As indicated in the column by Arturo Alcalde, translated below, there is now a process of assessment and evaluation. It is clear that some of the worst provisions in terms of restrictions on freedom of association were removed from the bill prior to passage, a remarkable accomplishment that still leaves a tiny space within which independent unions can operate. Moreover, the employers who have been promoting a neo-liberal vision of legal, unrestricted outsourcing were far from pleased with the restrictions that were imposed.

The independent unions and their national and international allies all deserve major credit for their indefatigable struggle against vastly superior odds and for wresting even limited victories in the process.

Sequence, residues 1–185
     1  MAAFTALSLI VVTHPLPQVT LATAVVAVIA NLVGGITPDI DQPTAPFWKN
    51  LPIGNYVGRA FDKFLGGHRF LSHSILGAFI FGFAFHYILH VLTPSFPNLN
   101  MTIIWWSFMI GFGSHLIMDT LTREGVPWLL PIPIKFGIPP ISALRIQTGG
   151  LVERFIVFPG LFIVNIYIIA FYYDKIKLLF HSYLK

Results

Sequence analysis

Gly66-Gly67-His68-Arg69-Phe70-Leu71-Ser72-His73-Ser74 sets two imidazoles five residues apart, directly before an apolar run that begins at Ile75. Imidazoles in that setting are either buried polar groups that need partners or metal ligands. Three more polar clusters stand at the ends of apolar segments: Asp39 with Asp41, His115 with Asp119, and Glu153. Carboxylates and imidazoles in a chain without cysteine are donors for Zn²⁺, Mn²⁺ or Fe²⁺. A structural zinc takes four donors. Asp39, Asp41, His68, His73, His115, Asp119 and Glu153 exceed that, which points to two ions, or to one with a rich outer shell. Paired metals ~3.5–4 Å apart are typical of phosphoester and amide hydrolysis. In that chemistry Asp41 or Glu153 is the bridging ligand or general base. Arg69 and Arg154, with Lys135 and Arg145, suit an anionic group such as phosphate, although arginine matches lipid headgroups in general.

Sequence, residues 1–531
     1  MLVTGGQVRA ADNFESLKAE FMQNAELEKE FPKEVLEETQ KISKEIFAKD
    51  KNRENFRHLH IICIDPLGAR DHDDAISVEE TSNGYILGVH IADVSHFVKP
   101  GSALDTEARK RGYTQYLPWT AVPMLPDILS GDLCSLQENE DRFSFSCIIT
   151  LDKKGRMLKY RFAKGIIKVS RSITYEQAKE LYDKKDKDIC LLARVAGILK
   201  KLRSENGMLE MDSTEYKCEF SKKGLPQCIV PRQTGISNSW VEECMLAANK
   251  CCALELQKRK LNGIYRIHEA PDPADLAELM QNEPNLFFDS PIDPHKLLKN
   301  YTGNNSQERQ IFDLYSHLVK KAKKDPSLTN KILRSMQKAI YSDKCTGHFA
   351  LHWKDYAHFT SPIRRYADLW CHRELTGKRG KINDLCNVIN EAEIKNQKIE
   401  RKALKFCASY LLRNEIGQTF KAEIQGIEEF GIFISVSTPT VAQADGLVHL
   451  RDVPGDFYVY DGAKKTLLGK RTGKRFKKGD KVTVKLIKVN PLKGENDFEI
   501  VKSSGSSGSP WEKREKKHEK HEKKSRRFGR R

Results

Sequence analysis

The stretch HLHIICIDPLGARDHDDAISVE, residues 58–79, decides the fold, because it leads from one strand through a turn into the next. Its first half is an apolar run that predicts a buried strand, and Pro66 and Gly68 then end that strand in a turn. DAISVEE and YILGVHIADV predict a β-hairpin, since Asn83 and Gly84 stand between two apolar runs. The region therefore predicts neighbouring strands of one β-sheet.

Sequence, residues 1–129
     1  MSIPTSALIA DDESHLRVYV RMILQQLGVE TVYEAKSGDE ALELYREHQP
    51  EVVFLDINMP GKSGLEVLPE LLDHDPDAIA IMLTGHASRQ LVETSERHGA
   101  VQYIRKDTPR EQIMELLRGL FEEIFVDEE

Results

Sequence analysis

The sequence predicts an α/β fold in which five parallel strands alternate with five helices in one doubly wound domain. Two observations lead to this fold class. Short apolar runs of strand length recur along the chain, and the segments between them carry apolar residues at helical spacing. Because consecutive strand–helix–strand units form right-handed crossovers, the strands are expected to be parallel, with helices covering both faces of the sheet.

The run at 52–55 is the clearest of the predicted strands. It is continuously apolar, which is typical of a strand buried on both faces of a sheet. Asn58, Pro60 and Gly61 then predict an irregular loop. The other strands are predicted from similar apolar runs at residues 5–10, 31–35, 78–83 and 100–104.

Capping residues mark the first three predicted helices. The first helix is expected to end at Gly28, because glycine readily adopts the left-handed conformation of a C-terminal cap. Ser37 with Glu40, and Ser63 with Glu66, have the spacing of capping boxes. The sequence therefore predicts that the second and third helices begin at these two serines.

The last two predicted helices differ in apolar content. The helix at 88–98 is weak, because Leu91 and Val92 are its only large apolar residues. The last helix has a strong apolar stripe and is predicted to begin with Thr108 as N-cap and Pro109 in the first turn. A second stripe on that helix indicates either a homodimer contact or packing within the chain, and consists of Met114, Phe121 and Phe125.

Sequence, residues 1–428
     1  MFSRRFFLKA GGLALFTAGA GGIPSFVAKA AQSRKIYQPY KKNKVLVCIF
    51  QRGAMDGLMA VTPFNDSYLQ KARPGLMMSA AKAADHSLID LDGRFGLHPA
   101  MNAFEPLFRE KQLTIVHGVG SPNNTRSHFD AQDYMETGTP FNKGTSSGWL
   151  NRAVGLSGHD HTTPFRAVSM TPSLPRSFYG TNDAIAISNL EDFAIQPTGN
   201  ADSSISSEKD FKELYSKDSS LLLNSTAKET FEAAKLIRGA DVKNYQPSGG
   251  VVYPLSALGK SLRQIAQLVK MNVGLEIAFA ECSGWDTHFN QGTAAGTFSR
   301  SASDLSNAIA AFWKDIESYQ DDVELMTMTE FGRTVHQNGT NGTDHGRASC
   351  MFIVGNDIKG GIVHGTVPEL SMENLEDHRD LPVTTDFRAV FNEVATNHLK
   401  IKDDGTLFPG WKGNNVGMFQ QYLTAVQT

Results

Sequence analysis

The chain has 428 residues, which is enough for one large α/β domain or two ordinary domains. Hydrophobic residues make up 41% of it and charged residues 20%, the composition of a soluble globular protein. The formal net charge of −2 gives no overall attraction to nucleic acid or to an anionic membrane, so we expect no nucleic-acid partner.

Workers, unions and their lawyers will undoubtedly spend the next years sorting out what this law will mean in practice. Some provisions that were criticized as being inadequate, such as those on sexual harassment and health and safety, may turn out to be of some benefit.

Yet, overall, there can be no doubt that passage of this law was a serious step backward – both because it allowed a neo-liberal frame to be imposed on labor relations in Mexico and because it failed to remedy the serious problems that deprive workers of their fundamental rights, including protection contracts and a government bureaucracy designed to support them rather than to provide a fair and impartial system of labor justice.

The struggle will continue!

Robin Alexander
Director of International Affairs, UE